You did it! Anti-housing motions defeated at Trust Council

THANK YOU to the 106 of you who took the time to write a letter to the trust, and the other 100 or so who attended various Trust public meetings in the past two weeks.

Due to the overwhelmingly clear message from the community, the anti-housing and anti-community motions put forward to the Trust Council last week were both defeated. Housing remains on the priority list and healthy communities remain in the Trust’s mandate!

The last few weeks were a whirlwind. When we first heard about the Trustee from Pender’s sneaky motion to remove affordable housing from the priority list of the Trust, it was hard to believe. Buried deep inside a 1,000 page document published only two days before a public meeting, and not mentioned at all in their recent public process, here was a motion that aimed to undo all the recent momentum on housing.

How the Trust’s meek efforts to just now start to work on affordable housing solutions could have already created a backlash is incredible!

After virtually ignoring the problem for 20 years, the Trust hasn’t actually done much, other than approving a few non-profit projects already in the works and some small pilot projects on suites and cottages that have (as we predicted) proven ineffective. Meanwhile more and more new-build mansions are approved, with almost no energy, water, or forest protection restrictions.

So when we learned this Trustee was going even further, with a second motion attempting to remove the entire concept of “healthy island communities” from the Trust’s interpretation of its  mandate, we needed to organize a response from the community.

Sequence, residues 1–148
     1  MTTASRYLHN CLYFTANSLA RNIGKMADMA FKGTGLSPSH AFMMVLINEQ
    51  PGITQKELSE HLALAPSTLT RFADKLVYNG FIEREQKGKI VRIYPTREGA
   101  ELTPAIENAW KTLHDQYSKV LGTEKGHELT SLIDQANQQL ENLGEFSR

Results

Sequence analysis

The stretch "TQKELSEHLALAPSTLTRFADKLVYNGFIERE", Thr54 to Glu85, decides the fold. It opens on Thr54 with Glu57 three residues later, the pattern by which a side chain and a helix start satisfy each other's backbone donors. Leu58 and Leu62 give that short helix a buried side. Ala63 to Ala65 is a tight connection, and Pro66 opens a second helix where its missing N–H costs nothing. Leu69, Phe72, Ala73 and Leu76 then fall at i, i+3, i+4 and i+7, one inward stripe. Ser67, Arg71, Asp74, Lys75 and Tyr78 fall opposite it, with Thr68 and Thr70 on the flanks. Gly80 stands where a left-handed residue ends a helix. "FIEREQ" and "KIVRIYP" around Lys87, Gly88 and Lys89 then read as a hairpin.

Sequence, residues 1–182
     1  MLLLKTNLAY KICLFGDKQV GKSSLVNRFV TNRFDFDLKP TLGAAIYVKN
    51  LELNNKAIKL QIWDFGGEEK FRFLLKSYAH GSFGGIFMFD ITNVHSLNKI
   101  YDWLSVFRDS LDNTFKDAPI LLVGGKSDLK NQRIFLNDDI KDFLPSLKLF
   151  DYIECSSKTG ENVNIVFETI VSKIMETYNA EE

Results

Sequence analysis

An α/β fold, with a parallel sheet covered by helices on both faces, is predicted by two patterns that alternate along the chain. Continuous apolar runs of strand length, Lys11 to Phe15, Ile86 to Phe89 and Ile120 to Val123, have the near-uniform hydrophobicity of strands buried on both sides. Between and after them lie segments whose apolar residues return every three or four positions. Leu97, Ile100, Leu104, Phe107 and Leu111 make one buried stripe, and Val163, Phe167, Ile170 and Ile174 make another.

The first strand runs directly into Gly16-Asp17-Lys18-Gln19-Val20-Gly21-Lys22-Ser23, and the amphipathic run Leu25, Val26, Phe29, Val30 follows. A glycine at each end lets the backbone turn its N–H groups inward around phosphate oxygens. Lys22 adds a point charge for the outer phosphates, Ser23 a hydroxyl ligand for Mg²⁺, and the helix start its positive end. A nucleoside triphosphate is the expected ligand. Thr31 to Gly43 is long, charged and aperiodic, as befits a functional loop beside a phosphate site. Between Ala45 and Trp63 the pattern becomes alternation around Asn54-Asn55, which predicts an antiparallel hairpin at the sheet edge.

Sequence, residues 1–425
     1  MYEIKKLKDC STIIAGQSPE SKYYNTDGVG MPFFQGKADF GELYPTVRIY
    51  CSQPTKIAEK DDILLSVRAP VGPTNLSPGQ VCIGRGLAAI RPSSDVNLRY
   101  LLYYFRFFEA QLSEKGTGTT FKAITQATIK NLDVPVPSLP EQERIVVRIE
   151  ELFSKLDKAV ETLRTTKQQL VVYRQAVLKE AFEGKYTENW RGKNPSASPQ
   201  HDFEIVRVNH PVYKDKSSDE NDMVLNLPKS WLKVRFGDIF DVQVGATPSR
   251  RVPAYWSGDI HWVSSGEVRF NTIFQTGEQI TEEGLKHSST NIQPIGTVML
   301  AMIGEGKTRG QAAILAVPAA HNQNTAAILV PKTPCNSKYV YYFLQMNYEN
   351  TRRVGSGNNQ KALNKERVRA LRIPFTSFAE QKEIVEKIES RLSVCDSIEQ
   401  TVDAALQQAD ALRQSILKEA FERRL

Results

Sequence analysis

March 9 2021 photo of Trust Chair during a public zoom meeting. The motion proposed might have seen the Trust just roll up that third flag, in order to focus only on the environment.

Just as some were questioning whether this was really happening or not, allies of the plan published a prominent opinion article in the Times Colonist newspaper. Titled “Battle for future of Gulf Islands coming to a head”, the Trustee pushing the motion said housing was not only an inappropriate priority for the Trust, but “for Council to become more involved in this issue is, in my opinion, driven by our emotional response to it.”

I’m sure the hundreds of working and middle class families forced to leave or struggling to stay where they have chosen to build a life will have an emotion of their own when they hear that.

You might call this Gaslighting. It sure smells a lot like pull up the drawbridge elitism.

No, the housing crisis is not emotional, it’s ruining people’s lives, and anyone who in the 21st century decides balancing community and environmental concerns at the same time is “too hard” probably needs to retire. It’s 2021 folks and we don’t leave people out of environmental solutions anymore, especially those hardest hit by the many interlocking crises of our times.

The new LTC Housing Action Project on the table now is an effort to catch up, to engage the community in the pros and cons of different integrated solutions for solving many of our 21st century challenges at once, and identify meaningful actions to be taken in the short and long term. This kind of leadership needs to be supported, not squelched.

So thank you for your letters and for attending the public meetings if you did, it made a real difference!

In the end, you just reminded our hard working but pretty privileged Trustees that housing and inequality, climate and the environment are deeply linked. Of course we’re all here to protect this special place. But if we want any diversity at all in this community in 10 years time we had better start figuring out how non-wealthy people can stay here also.

Jason Mogus and Rhonan Heitzmann

Watch the Webinar: Small Housing in Rural Communities

Join Our Housing Webinar

New Proposal to Fix the Housing Crisis on Salt Spring